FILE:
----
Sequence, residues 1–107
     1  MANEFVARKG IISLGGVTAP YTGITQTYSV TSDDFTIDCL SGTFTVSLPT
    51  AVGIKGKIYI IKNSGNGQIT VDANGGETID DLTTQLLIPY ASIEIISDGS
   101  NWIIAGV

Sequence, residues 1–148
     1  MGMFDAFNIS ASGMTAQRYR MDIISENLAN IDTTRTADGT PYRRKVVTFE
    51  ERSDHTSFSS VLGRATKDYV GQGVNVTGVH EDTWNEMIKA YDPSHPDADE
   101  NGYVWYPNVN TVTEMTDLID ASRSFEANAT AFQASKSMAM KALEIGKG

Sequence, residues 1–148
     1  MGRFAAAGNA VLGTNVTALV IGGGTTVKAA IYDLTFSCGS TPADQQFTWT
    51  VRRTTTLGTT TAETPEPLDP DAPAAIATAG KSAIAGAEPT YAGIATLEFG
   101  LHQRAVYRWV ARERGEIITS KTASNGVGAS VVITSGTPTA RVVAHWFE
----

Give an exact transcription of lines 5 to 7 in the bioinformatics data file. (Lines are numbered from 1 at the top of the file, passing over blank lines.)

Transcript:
Sequence, residues 1–148
     1  MGMFDAFNIS ASGMTAQRYR MDIISENLAN IDTTRTADGT PYRRKVVTFE
    51  ERSDHTSFSS VLGRATKDYV GQGVNVTGVH EDTWNEMIKA YDPSHPDADE